I sprang up quickly and began to look around. Where would a key even be hidden in a church? I looked around on the frames of beautiful paintings, near the white candlesticks posted at every window, and even underneath my own shoes. I came back to the door and sat down leaning against it. I brought my legs close to my chest and rested my head on my knees in defeat. Just then, a little silvery twinkle caught the corner of my eye. I looked to my side, and there it was: the key! It was hanging on a piece of string from a small, antique chandelier back in a corner.
I walked over and looked up to the key. I jumped as high as I could, and I just got within reach of it. As I held the key, I looked down upon it with a glow in my cheeks and a trace of pride. I clenched it in my hand and ran back to the door. Slowly and eagerly, I put the key into the hole and twisted. I heard a soft click and pushed the door open. It creaked and screeched with its rusty hinges as if it hadn't been opened for years.
I stepped in and closed the noisy door behind me. There was the box in front of me on the desk which I had seen, still seeming to glow its grayish tint. A lamp was to the left of the box, and a piece of parchment and a quill were to the right. I took a quick glance around the rest of the room. There was a simple covered bed, another lamp, a wooden chair, and some drawers.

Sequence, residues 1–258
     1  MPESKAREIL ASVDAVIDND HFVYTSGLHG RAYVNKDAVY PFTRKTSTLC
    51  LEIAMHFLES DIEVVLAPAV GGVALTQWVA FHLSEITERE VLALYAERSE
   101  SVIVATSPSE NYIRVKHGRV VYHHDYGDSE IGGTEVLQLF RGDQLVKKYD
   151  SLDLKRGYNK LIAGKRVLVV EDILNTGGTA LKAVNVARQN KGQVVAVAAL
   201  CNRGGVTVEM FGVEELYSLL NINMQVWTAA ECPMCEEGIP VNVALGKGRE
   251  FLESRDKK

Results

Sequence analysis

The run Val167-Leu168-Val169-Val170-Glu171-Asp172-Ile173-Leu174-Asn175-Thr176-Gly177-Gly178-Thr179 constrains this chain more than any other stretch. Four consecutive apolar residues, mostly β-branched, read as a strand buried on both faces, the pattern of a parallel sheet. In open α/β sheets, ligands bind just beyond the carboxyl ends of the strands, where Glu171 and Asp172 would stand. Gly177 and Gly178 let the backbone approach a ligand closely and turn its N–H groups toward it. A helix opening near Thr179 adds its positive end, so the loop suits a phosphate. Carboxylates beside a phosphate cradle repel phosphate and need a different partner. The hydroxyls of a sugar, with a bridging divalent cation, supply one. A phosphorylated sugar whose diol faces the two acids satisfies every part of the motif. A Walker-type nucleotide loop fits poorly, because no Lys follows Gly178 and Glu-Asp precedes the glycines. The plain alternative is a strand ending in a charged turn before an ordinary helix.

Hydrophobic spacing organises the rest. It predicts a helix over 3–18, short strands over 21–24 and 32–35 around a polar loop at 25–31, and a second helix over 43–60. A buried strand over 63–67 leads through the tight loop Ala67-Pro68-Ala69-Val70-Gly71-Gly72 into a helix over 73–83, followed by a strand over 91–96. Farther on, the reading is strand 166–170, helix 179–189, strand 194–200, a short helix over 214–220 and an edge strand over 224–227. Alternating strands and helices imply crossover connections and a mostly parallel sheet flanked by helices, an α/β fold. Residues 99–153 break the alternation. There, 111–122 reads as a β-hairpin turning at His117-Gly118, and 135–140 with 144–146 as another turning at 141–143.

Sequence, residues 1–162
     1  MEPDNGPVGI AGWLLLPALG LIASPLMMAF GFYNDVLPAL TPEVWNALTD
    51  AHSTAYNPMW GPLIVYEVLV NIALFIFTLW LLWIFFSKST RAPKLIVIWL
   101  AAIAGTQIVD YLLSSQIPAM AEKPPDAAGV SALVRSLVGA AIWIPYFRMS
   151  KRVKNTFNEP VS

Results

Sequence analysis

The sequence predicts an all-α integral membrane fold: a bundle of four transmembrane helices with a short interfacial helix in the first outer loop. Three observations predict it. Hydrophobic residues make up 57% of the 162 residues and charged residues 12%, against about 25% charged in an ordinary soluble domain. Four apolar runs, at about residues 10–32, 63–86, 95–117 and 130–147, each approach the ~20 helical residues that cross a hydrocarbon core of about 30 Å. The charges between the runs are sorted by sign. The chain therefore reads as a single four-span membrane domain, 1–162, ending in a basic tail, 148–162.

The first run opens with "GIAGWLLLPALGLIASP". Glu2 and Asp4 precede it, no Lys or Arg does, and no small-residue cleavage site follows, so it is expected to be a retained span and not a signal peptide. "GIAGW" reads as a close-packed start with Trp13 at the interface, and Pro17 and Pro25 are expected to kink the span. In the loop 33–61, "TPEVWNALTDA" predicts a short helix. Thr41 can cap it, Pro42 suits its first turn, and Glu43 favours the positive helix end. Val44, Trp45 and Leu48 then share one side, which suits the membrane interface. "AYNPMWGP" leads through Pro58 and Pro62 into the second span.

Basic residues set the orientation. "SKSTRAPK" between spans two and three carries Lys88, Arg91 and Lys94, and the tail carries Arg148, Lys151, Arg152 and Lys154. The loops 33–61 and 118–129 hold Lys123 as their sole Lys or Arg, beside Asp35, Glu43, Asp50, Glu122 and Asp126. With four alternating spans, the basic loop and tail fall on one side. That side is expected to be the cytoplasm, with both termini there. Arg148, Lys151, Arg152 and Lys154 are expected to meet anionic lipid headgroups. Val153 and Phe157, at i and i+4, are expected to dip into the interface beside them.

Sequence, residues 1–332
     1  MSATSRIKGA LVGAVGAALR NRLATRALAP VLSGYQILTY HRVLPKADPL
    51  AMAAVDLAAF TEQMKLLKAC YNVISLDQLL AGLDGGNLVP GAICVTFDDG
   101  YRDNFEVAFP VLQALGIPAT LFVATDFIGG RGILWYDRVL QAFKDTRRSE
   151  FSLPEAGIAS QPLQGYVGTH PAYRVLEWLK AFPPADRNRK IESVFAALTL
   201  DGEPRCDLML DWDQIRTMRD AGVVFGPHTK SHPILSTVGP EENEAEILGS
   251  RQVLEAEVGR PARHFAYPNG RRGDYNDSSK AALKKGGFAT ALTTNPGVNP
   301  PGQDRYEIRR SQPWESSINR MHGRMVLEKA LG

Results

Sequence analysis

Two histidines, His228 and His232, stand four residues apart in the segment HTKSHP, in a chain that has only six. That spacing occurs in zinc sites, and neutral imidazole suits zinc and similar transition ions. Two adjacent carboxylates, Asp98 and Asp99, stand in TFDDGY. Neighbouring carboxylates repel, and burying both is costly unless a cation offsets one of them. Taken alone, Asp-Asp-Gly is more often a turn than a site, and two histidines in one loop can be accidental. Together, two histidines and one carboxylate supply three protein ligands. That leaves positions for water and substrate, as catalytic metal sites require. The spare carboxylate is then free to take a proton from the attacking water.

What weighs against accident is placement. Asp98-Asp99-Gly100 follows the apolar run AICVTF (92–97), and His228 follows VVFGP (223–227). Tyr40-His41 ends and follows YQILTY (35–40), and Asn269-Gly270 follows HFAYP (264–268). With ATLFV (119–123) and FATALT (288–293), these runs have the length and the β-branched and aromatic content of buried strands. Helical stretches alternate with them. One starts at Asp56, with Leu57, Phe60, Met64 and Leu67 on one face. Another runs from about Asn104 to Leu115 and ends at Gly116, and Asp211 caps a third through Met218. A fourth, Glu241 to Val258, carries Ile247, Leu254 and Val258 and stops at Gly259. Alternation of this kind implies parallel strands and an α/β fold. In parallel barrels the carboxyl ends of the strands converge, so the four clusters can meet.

I picked up the box and opened it cautiously. Inside I found that something was rapped in white silk, and it was covered in a layer of dust. I reached my hand inside to pick it up and unravel it, but behind me I heard footsteps and voices approaching. I threw the box down, and placed it back as neatly as I could before I darted out of the room. If only the door wasn't so noisy! I jumped out of the door and started walking casually across the hallway.
I was abruptly interrupted when Raguel and Henry came to the hall; so, I stood standing not too far away from the door from which I had escaped. "Angel," Henry said with a bright smile on his face as he walked to me. He then took my hand and walked me to Raguel and carried on, "Raguel has agreed to take care of you for the time being. He's not entirely sure if something shall get in the way later, but as of now... welcome to your new home."
"And what about you and Eleanor?" I asked Henry while I looked up into his eyes.
"You will still see us from time to time. I promise you at least every Sunday. Though for now, I must be off to get you our daughter's clothes. I will come to see you later tonight, and perhaps Eleanor will tag along as well."
"Ah, okay." I jumped on Henry to give him a big hug and exclaimed with a little sadness, "Thanks for everything that you've done."
Henry smiled and patted me on the head. "And you too, Angel." With that, I watched him walk out the door into the cold, windy weather. At least I would get to see him later tonight, and every Sunday. But inside, I knew that I would miss him a lot, perhaps far more than I could bear.
Raguel then put his hand on my shoulder and said sincerely with an open heart, "Don't worry, Angel. Henry forgot to mention something very important: tomorrow is Sunday. Maybe, you would like to help me prepare for the service tomorrow? Then afterwards Henry should be back relatively soon."
I looked up to the pastor with and replied shyly, "Oh, but I'm not sure I'd be much help to you. I don't even know how I could help."
"We'll find a way. Though first and foremost, I should show you around the church, and where you'll be staying."